I was stunned into silence. This questions was beyond my grasp in so many ways as I sat on a hard metal chair against the wall of an elementary school. I had been there since 5:30 a.m. when we set up the 3 voting booths and measured 100 feet away from the doors, sticking flags and warning signs into the ground. No one should pass out campaign material past that flag. Then I was obligated to stay in the room with these four other people for the rest of the day, until we packed up the voting machines and turned in the results. I was doing my civic duty by working the polls.
The one guy working with us was probably mid 50s with hair nearly reaching his shoulders and a beard that he let grow long from his chin/neck area. Creepy. And he was the sole republican. (Can Republican and sole/soul go together?) The gas price question was obviously one of those, "do you have a husband?" questions. Ick. The man then lectured me on the fact that if he drove to Springfield - 40 miles away and 40 miles back - he could find gas for $2.50. I'm sorry, who has an extra 80 minutes to drive to fill up the gas tank and save 50 cents per gallon. Time is money, people!
The county had sent out letters to democrats pleading with them to volunteer at the polls. Since the majority of the precincts went democratic during the last election, the republicans could not be in charge of the polling places and they were desperately short of democrats. My husband (who has no strong opinion on gas prices) said he didn't have to work until the evening on election day. Why didn't I go ahead and volunteer to work. (Oh, the reasons I could come up with now!) So I did.
The gas-price guy had worked the polls for years. He came prepared with a cooler full of food, a grocery bag and a 12-pack of Sprite. Yes, 14-hours is a long time to work, but who is going to eat that much food? I'm figuring I need lunch and that's about it. As the day wore on, he walked back and forth with food. Strawberries smothered with sugar. A sandwich (he brought the whole loaf of bread and made the sandwich). A bowl of steaming soup. "And I've got two more cans of this!" Finally, around 6, he walked past with a bowl of ice cream. Ice cream? I'm going to be gone 14 hours and I pack ice cream as a snack? When anyone commented on his food, he would respond: "You don't bring it, you don't eat it."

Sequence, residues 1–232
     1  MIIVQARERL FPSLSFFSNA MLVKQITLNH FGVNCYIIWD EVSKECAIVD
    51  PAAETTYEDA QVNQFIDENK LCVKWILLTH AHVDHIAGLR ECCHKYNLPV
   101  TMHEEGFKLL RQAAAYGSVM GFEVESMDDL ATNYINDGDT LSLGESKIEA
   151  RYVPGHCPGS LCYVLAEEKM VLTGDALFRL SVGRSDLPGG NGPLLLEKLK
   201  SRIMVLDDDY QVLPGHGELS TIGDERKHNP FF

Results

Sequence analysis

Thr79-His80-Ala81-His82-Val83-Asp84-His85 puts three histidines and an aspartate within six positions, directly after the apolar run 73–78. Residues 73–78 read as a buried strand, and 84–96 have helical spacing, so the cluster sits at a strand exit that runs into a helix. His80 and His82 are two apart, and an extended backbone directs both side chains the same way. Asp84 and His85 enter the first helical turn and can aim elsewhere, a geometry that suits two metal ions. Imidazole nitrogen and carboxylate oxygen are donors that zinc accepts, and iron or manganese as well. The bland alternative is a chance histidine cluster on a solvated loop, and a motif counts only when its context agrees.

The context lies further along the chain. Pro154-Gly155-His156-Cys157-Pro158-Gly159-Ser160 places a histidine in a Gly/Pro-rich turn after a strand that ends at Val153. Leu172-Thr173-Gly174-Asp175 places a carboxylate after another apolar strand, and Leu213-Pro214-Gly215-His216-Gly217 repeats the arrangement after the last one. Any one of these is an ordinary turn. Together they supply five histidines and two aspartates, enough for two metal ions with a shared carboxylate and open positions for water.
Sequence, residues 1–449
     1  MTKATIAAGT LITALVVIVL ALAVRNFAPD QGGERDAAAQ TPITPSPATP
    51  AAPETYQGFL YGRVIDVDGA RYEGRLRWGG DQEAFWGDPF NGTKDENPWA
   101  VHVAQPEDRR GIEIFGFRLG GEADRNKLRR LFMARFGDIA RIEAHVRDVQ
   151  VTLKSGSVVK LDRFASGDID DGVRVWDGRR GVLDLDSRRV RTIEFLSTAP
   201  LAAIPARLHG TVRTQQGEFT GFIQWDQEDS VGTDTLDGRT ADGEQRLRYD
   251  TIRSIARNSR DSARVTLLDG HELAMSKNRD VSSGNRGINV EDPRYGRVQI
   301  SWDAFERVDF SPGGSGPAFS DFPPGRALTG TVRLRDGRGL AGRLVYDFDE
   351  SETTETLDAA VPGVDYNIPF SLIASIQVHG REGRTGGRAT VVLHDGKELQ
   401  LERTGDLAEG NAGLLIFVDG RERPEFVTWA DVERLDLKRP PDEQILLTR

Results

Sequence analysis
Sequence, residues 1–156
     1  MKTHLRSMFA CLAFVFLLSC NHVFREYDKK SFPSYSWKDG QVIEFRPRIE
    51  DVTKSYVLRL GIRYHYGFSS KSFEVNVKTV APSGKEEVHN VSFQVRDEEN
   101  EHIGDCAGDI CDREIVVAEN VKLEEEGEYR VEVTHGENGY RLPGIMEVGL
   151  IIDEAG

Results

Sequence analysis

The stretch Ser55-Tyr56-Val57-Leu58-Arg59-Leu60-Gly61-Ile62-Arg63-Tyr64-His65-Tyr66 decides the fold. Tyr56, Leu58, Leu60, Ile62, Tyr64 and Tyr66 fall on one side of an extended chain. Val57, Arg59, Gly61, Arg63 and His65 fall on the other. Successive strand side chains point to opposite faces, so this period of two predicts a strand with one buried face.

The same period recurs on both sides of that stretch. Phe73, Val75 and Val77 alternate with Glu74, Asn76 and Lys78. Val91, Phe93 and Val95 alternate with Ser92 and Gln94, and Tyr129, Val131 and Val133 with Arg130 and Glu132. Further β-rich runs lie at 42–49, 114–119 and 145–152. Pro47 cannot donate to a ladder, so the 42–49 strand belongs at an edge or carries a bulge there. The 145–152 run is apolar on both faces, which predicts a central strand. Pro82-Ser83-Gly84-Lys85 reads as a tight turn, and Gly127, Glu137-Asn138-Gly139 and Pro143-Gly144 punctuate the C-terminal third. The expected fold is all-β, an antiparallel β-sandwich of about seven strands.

Not that any of us were after his food. Only one woman, who was on a walker and had to take 15 pills each morning, was wishing for something of his. She needed a Sprite or clear liquid to drink before she could take her pills. The pop machine in the teacher's lounge was broken so she was out of luck. The poll worker guy did not offer to share his 12-pack of Sprite. Instead, he reminded us, "You don't bring it, you don't eat it."
When I went out for lunch, I stopped at a coffee shop for myself and grabbed a San Pellegrino limon drink for the woman waiting at the polls.
She'd had knee replacement surgery in the summer, but it became infected and she had to go back to the hospital to have it scraped before spending a few weeks in a nursing home learning to get around. Now she was up to a walker with tennis balls stuck on the back legs to keep it from scraping. She had long, numerous braids and talked about her kids, ages 21 and 22. Her mouth turned down at the edges and she was missing some front teeth. She thought someday she would like to move someplace warm, like California. I went to get a blanket from the back of my car so she could cover up as the elementary children ran in and out the school doors, letting the cold air in. She didn't mind that the polls weren't busy. She was getting paid to sit and do nothing. At home, she usually spent the day watching TV. Later, as she was talking, she mentioned her age. She was 45. Just a year older than me.
Not many people voted at that precinct on Tuesday. Not even a 20 percent turn out. But I did my civic duty and learned a few lessons about people who are outside my bubble.
Don't look for me to volunteer again, though, come the March primary. I think I'll just drop by with pizza for those other dedicated workers.